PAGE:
It was just my observation and my impression of parts of JC that I have visited, which I should be free to talk about here or anywhere for that matter.

Anyway, if some people didn't like what I had said, so be it.

Atsushi

Posted on: 2008/6/8 21:52
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Re: Jersey City and Hiroshima (after the atomic bomb)
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bdlaw wrote:
Once again a GREAT JCList thread.

140,000+ people died immediately during the attack on Hiroshima. ONE HUNDRED FORTY THOUSAND. Practically instantaneously. The city was basically wiped off the map.

Countless more died from after effects.

You compare JC to Hiroshima?

I suppose by that measure Bayonne is Dresden?



I think the estimates of instantaneous deaths were about half what you stated. The 140,000 figure corresponds to deaths by the end of 1945, I think

In terms of instantaneous deaths, the bombing of Tokyo is believed to exceed that of Hiroshima and Nagasaki combined at about 100,000 although estimates vary.

I have seen estimates of the deaths due to the fire bombing of Dresden as high as 200-300,000 although more recent estimates have considerably reduced those numbers

Posted on: 2008/6/7 2:19
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Re: Jersey City and Hiroshima (after the atomic bomb)
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devbeep wrote:
Quote:

bdlaw wrote:
Once again a GREAT JCList thread.

140,000+ people died immediately during the attack on Hiroshima. ONE HUNDRED FORTY THOUSAND. Practically instantaneously. The city was basically wiped off the map.

Countless more died from after effects.

You compare JC to Hiroshima?

I suppose by that measure Bayonne is Dresden?



By this logic, Bayonne would be Nagasaki.

Looks like you need to go back to the history books, young son.


Another city, another massive amount of civilian casualties. Hence it would just as offensive to compare Bayonne with Dresden. Seems to me that Bdlaw has a pretty good grasp on a historical analogy. However, I suspect you wouldn't care History professor Devbeep.

Bombing of Dresden

So it goes.......

Posted on: 2008/6/7 0:34
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Re: Jersey City and Hiroshima (after the atomic bomb)
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And that is what makes jersey cityites so special, they are passionate, lovers, gardners, hard workers,peace lovers, good critics, comedians, animal lovers, fun, concerned, so much compassion, diverse, creative...did I miss something?...smart...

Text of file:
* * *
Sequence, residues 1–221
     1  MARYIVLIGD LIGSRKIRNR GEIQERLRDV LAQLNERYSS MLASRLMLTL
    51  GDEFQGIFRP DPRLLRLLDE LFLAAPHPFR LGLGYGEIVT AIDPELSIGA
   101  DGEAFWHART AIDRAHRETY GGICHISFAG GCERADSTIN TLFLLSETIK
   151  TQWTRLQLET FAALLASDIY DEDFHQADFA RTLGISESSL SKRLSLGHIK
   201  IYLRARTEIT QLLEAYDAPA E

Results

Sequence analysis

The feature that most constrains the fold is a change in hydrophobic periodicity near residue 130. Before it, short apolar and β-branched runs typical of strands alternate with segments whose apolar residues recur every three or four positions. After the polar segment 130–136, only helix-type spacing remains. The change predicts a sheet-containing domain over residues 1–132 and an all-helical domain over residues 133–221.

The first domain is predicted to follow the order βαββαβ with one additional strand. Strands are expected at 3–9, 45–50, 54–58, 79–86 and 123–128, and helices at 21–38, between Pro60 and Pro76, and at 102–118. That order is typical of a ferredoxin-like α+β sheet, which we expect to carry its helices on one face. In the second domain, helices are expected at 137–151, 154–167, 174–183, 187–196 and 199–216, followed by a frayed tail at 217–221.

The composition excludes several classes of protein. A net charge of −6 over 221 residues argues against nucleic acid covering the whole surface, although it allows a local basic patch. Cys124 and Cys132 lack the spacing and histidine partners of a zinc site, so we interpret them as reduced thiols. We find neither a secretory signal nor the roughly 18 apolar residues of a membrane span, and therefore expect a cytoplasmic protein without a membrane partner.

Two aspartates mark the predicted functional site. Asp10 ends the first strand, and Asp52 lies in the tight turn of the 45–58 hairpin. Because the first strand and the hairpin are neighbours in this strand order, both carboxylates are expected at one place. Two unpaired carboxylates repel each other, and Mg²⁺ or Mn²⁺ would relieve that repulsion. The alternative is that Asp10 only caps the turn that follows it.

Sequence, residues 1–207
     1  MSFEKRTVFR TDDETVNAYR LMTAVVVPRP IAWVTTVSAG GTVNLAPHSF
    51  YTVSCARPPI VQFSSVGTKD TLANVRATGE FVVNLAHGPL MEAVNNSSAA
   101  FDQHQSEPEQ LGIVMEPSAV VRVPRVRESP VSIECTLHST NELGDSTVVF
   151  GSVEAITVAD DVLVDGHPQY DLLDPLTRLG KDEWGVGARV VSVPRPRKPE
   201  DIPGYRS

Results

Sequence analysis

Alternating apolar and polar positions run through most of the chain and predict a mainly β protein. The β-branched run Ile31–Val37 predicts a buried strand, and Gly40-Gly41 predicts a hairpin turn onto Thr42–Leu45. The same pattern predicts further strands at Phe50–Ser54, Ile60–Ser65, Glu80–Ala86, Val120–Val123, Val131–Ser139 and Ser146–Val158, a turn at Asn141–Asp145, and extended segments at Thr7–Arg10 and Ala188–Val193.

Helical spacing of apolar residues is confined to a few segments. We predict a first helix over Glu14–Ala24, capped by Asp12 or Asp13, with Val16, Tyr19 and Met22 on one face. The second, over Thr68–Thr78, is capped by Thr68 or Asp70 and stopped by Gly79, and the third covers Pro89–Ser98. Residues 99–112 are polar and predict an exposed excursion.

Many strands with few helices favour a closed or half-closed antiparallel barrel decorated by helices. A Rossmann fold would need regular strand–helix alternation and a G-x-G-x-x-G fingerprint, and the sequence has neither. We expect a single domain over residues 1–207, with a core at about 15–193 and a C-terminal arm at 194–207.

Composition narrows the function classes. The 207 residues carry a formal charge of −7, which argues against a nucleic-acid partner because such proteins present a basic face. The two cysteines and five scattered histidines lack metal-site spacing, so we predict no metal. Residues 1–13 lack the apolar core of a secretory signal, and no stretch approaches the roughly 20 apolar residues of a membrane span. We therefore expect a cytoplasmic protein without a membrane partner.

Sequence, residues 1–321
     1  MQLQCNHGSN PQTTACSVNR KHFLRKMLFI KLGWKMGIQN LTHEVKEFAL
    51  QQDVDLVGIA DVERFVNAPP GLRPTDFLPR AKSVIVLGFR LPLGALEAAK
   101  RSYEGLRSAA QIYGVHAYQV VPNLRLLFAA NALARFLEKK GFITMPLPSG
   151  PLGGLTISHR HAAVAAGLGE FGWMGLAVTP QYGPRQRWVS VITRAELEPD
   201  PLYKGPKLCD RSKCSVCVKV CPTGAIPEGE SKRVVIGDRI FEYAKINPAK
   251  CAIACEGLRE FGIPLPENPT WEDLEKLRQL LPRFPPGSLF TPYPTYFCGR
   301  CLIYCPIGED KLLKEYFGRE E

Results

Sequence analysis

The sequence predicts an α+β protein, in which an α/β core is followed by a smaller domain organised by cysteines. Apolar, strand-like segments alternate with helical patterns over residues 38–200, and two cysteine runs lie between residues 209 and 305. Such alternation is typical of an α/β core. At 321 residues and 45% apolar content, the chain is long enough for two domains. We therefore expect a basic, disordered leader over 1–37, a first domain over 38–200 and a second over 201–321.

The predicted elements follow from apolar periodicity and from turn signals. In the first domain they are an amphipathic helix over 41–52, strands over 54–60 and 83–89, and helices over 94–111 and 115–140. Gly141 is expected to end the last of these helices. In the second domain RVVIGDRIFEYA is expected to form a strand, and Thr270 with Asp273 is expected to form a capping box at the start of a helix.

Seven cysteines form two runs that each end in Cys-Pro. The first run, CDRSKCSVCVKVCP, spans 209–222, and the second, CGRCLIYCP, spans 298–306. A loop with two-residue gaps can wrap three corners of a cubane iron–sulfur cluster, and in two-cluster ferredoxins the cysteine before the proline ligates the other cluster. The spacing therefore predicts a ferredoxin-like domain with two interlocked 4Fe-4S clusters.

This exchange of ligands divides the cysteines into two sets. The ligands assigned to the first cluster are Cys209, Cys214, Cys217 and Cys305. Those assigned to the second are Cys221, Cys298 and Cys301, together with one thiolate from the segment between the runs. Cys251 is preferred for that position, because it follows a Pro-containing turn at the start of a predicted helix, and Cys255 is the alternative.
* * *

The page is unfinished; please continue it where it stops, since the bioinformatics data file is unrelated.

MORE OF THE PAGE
The only way I would like to see Jersey City compared to Hiroshima would be the people, being able to survive through one of the most horrible disaster's of all time.

Posted on: 2008/6/6 23:42
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Re: Jersey City and Hiroshima (after the atomic bomb)
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bdlaw wrote:
Once again a GREAT JCList thread.



Don't like it, then go back to weirdjc.

Posted on: 2008/6/6 23:16
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Re: Jersey City and Hiroshima (after the atomic bomb)
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Atsushi wrote:
Please don't get me wrong. I do like Jersey City, and that's why I've decided to move there. But I've wondered why so many empty lots have pile of rubbles that remind me of the pictures of the buildings destroyed by the atomic bomb in Hiroshima. I've taken many trips to JC prior to my decision, and it seems that nothing is being done to these empty lots. Why are things not happening in JC as much as they should?

Atsushi


They're atomic piles, the result of too many nuclear families living here.

Posted on: 2008/6/6 23:00
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Re: Jersey City and Hiroshima (after the atomic bomb)
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Have you ever thought that there are many places (lots) in Jersey City that strikingly resemble Hiroshima after the atomic bomb was dropped?


No.

Posted on: 2008/6/6 18:36
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Re: Jersey City and Hiroshima (after the atomic bomb)
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Bayonne looked a lot like Dresden after the aliens attacked in War of the Worlds

Posted on: 2008/6/6 17:43
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Re: Jersey City and Hiroshima (after the atomic bomb)
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bdlaw wrote:
Once again a GREAT JCList thread.

140,000+ people died immediately during the attack on Hiroshima. ONE HUNDRED FORTY THOUSAND. Practically instantaneously. The city was basically wiped off the map.

Countless more died from after effects.

You compare JC to Hiroshima?

I suppose by that measure Bayonne is Dresden?



By this logic, Bayonne would be Nagasaki.

Looks like you need to go back to the history books, young son.

Posted on: 2008/6/6 17:29